|Publication number||US7981575 B2|
|Application number||US 12/473,248|
|Publication date||Jul 19, 2011|
|Filing date||May 27, 2009|
|Priority date||Sep 1, 2008|
|Also published as||US8263295, US20100055585, US20110252386|
|Publication number||12473248, 473248, US 7981575 B2, US 7981575B2, US-B2-7981575, US7981575 B2, US7981575B2|
|Inventors||Akira Fujimura, Lance Glasser|
|Original Assignee||DS2, Inc.|
|Export Citation||BiBTeX, EndNote, RefMan|
|Patent Citations (22), Non-Patent Citations (9), Referenced by (20), Classifications (26), Legal Events (2)|
|External Links: USPTO, USPTO Assignment, Espacenet|
This application: 1) is a continuation-in-part of U.S. patent application Ser. No. 12/202,365 filed on Sep. 1, 2008 now U.S. Pat. No. 7,901,845 entitled “Method For Optical Proximity Correction of a Reticle To Be Manufactured Using Character Projection Lithography”; 2) claims priority to U.S. Provisional Patent Application Ser. No. 61/172,659, filed on Apr. 24, 2009 and entitled “Method for Manufacturing a Surface and Integrated Circuit Using Variable Shaped Beam Lithography”; 3) is related to Fujimura, U.S. patent application Ser. No. 12/473,241, entitled “Method For Manufacturing a Surface and Integrated Circuit Using Variable Shaped Beam Lithography,” filed on even date herewith; and 4) is related to Fujimura, U.S. patent application Ser. No. 12/473,265, entitled “Method and System for Design of a Reticle to Be Manufactured Using Variable Shaped Beam Lithography,” filed on even date herewith; all of which are hereby incorporated by reference for all purposes.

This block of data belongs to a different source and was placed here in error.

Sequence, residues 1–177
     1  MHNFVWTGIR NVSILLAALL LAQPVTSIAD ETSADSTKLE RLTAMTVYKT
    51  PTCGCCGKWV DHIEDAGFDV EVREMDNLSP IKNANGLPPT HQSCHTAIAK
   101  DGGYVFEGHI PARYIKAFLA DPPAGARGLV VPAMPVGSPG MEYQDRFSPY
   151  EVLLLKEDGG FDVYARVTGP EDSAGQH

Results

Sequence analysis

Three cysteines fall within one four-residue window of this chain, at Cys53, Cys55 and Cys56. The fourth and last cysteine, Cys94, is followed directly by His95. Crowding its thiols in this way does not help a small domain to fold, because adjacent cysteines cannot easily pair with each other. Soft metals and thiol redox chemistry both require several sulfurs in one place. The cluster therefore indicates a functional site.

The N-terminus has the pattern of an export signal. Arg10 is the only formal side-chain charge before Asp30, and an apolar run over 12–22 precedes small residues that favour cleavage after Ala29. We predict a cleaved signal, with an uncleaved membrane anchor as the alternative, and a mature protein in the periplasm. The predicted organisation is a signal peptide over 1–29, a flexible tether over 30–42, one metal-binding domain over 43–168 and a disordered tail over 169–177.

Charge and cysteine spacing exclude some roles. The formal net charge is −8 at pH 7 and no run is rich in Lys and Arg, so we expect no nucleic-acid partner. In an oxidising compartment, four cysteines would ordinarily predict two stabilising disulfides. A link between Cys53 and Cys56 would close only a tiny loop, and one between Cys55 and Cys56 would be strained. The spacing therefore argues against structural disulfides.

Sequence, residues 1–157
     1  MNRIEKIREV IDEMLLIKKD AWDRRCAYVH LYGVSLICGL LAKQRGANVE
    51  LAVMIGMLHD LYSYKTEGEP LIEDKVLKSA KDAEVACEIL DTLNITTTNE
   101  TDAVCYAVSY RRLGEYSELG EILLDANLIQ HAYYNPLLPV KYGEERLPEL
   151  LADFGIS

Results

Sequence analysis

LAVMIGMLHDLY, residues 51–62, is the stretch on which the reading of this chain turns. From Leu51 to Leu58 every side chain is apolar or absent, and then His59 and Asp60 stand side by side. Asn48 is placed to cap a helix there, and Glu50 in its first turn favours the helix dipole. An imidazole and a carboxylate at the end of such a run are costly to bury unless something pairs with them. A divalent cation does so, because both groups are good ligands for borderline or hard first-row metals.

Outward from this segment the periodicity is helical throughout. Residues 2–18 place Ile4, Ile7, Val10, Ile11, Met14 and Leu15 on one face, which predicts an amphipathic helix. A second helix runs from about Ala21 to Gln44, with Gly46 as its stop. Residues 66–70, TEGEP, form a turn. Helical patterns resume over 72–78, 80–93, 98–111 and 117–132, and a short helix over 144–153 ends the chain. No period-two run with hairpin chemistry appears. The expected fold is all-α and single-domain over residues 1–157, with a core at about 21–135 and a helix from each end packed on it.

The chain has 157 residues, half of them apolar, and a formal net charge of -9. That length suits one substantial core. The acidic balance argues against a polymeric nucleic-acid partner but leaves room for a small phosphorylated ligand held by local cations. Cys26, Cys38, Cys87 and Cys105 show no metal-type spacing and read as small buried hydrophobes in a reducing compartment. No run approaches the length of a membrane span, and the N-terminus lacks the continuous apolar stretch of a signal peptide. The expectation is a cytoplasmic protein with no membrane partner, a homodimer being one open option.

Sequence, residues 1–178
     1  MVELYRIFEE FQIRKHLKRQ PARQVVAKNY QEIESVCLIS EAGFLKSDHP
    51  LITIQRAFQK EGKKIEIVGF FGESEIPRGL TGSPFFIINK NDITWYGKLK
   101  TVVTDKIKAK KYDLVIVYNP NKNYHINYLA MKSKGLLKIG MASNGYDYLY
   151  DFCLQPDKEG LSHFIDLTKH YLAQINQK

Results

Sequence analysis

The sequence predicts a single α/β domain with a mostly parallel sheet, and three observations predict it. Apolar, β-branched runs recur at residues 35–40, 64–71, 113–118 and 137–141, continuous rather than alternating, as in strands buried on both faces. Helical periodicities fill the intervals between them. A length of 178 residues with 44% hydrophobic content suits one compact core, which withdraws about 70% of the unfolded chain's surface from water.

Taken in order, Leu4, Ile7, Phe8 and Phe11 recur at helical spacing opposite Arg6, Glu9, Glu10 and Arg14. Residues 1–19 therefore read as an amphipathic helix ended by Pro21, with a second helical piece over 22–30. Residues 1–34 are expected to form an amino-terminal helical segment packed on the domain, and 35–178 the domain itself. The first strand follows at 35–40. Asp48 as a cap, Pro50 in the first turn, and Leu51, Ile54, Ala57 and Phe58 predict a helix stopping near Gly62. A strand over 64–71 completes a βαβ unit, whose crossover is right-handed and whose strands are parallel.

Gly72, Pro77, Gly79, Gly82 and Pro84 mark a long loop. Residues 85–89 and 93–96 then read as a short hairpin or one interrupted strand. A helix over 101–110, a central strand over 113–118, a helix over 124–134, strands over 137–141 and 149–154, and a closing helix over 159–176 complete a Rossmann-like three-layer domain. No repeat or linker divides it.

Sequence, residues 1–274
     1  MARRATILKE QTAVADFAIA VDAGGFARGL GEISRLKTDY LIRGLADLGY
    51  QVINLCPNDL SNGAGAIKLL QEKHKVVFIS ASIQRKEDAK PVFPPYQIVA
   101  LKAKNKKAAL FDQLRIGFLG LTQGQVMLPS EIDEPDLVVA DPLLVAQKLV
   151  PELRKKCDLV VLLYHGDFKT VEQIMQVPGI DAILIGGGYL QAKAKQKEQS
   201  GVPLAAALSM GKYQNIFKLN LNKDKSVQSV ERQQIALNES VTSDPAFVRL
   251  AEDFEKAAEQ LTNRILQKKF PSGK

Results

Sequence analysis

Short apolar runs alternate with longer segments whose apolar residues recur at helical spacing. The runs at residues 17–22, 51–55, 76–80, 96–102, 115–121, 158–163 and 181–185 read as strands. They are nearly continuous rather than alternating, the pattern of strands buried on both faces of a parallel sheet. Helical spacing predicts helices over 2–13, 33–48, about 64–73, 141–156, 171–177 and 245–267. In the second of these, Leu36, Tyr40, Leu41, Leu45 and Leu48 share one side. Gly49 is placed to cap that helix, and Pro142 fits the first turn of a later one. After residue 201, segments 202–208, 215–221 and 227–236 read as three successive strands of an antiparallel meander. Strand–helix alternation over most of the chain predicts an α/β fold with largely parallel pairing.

The present disclosure is related to lithography, and more particularly to the design and manufacture of a surface which may be a reticle, a wafer, or any other surface, using variable shaped beam (VSB) charged particle beam lithography.
In the production or manufacturing of semiconductor devices, such as integrated circuits, optical lithography may be used to fabricate the semiconductor devices. Optical lithography is a printing process in which a lithographic mask manufactured from a reticle is used to transfer patterns to a substrate such as a semiconductor or silicon wafer to create the integrated circuit. Other substrates could include flat panel displays or even other reticles. Also, extreme ultraviolet (EUV) or X-ray lithography are considered types of optical lithography. The reticle or multiple reticles may contain a circuit pattern corresponding to an individual layer of the integrated circuit, and this pattern can be imaged onto a certain area on the substrate that has been coated with a layer of radiation-sensitive material known as photoresist or resist. Once the patterned layer is transferred the layer may undergo various other processes such as etching, ion-implantation (doping), metallization, oxidation, and polishing. These processes are employed to finish an individual layer in the substrate. If several layers are required, then the whole process or variations thereof will be repeated for each new layer. Eventually, a combination of multiples of devices or integrated circuits will be present on the substrate. These integrated circuits may then be separated from one another by dicing or sawing and then may be mounted into individual packages. In the more general case, the patterns on the substrate may be used to define artifacts such as display pixels or magnetic recording heads.